Amid Gun Violence, Giants Manager Will Not Come Out for Anthem


Gabe Kapler observed his own moment of silence sometime before the San Francisco Giants team he manages opened its Memorial Day Weekend series in Cincinnati on Friday night. His moment came not before a national anthem nor while standing at attention at the edge of a dugout.

Instead, it occurred at a keyboard as he quietly filtered his own grief and outrage into a fiery blog post under the headline, “Home of the Brave?”

He then tweeted the post, describing it with one sentence: “We’re not the land of the free nor the home of the brave right now.”

“When I was the same age as the children in Uvalde, my father taught me to stand for the Pledge of Allegiance when I believed my country was representing its people well or to protest and stay seated when it wasn’t. I don’t believe it is representing us well,” Kapler wrote, adding: “Every time I place my hand over my heart and remove my hat, I’m participating in a self-congratulatory glorification of the ONLY country where these mass shootings take place.”

Consequently, as Kapler would later tell reporters in Cincinnati, he no longer intends to be on the field for pregame national anthems “until I feel better about the direction of our country.” Kapler said he didn’t necessarily expect his protest to “move the needle,” but that he felt strongly enough to take this step.

After Friday’s game was delayed just over two hours because of inclement weather, only seven Giants were on the field — two coaches in front of the dugout, four players along left-field line and an athletic trainer standing alongside them — when the anthem was played.

In his blog post, Kapler said he regretted standing on the field for the national anthem and observing a moment of silence before a game in San Francisco against the Mets this week just hours after a gunman killed 19 children and two teachers at Robb Elementary School in Texas. Kapler said that he was “having a hard time articulating my thoughts the day of the shooting” and that “sometimes, for me, it takes a couple of days to put things together.”

In that way, he is not unlike another Bay Area sports figure who wrestled with the most meaningful way to protest. Quarterback Colin Kaepernick, formerly of the San Francisco 49ers, also struggled. He began by sitting during the national anthem to protest racial inequality and police brutality, and after consulting with Nate Boyer, a retired Army Green Beret and former N.F.L. player, he started kneeling instead.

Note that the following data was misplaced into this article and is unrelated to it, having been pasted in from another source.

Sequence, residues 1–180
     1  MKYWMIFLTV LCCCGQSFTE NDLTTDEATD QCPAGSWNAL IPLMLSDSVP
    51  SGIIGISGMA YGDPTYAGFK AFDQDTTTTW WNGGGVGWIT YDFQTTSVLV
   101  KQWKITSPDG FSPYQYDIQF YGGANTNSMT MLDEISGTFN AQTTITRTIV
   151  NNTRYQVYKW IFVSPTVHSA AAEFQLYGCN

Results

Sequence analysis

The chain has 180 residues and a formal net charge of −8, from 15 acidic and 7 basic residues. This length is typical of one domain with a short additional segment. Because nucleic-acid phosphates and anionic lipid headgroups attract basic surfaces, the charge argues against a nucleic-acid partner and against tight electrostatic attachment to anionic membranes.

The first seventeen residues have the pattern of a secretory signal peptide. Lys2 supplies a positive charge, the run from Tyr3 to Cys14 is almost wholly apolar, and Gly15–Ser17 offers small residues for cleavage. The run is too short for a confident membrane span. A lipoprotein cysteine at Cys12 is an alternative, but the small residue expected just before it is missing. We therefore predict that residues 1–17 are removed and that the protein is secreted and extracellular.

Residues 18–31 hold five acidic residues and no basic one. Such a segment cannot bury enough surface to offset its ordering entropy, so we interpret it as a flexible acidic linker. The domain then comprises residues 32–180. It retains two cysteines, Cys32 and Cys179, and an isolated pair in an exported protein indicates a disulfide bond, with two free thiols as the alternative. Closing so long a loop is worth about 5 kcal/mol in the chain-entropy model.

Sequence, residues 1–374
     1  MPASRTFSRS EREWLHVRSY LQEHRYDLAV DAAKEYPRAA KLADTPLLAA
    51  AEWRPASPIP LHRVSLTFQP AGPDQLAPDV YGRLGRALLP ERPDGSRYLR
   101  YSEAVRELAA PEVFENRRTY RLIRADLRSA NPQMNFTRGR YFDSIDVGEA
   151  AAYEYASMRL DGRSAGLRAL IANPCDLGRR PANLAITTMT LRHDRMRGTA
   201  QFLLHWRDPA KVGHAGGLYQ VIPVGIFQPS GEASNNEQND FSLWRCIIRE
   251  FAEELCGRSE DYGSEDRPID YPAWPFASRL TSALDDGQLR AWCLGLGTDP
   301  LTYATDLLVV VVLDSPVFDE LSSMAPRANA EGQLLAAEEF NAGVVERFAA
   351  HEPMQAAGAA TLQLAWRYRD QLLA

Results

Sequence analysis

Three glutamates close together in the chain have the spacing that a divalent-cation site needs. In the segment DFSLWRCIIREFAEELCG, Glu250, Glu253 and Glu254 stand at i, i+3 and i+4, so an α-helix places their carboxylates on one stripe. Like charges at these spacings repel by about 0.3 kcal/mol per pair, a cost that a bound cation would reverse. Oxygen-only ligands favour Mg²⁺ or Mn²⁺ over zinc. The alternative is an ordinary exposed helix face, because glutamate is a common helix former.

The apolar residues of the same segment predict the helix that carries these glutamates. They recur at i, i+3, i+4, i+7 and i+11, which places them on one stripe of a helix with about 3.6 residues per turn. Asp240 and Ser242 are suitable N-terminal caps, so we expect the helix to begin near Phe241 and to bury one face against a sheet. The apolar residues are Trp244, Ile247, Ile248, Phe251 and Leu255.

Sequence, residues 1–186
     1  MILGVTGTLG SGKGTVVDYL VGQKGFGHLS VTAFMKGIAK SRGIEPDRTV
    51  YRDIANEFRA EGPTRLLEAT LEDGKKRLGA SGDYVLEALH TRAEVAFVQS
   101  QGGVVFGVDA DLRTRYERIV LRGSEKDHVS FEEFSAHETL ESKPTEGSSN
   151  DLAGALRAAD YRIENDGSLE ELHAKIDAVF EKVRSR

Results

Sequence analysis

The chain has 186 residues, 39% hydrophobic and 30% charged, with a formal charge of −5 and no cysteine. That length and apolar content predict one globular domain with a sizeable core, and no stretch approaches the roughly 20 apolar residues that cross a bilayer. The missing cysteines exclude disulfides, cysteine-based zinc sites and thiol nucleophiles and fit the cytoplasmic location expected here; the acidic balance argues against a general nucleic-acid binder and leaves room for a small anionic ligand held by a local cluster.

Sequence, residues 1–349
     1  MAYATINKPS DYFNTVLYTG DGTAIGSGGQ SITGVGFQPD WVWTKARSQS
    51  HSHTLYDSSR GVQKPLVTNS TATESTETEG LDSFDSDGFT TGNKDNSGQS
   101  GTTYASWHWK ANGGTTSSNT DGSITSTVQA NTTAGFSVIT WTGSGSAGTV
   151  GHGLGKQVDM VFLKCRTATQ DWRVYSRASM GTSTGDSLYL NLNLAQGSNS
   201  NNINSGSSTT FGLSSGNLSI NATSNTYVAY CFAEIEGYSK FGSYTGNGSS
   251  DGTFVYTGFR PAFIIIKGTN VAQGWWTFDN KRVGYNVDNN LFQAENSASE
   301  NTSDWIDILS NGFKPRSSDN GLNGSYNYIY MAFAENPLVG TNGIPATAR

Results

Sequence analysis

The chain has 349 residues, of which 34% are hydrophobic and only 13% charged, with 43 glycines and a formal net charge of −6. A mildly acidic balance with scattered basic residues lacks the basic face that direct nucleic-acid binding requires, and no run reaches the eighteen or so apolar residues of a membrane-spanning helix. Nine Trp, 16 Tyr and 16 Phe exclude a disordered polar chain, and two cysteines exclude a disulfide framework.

For Kaepernick, that protest proved to have lasting consequences. Despite having previously led his team to a Super Bowl appearance, he was not signed after opting out of his contract following the 2016 season. He has only been given the chance to work out for teams a few times since. In 2019, he and his former teammate Eric Reid settled a lawsuit against the N.F.L. in which they had accused the league’s teams of colluding against them.

“My brain said drop to a knee; my body didn’t listen,” Kapler wrote of his swirl of emotions before this week’s Mets-Giants game. “I wanted to walk back inside; instead I froze. I felt like a coward. I didn’t want to call attention to myself. I didn’t want to take away from the victims or their families. There was a baseball game, a rock band, the lights, the pageantry. I knew that thousands of people were using this game to escape the horrors of the world for just a little bit. I knew that thousands more wouldn’t understand the gesture and would take it as an offense to the military, to veterans, to themselves.”

Kapler’s action continues a steady stream of protests from the sports world this week. Coach Steve Kerr of the Golden State Warriors forcefully spoke out in favor of gun control ahead of his team’s Western Conference finals game on Tuesday. On Thursday, both the Yankees and the Tampa Bay Rays used their Twitter and Instagram feeds to post facts about gun violence rather than posting anything about the game between the rival teams.

“We elect our politicians to represent our interests,” Kapler wrote. “Immediately following this shooting, we were told we needed locked doors and armed teachers. We were given thoughts and prayers. We were told it could have been worse, and we just need love.

“But we weren’t given bravery, and we aren’t free,” he wrote. “The police on the scene put a mother in handcuffs as she begged them to go in and save her children. They blocked parents trying to organize to charge in to stop the shooter, including a father who learned his daughter was murdered while he argued with the cops. We aren’t free when politicians decide that the lobbyist and gun industries are more important than our children’s freedom to go to school without needing bulletproof backpacks and active shooter drills.”





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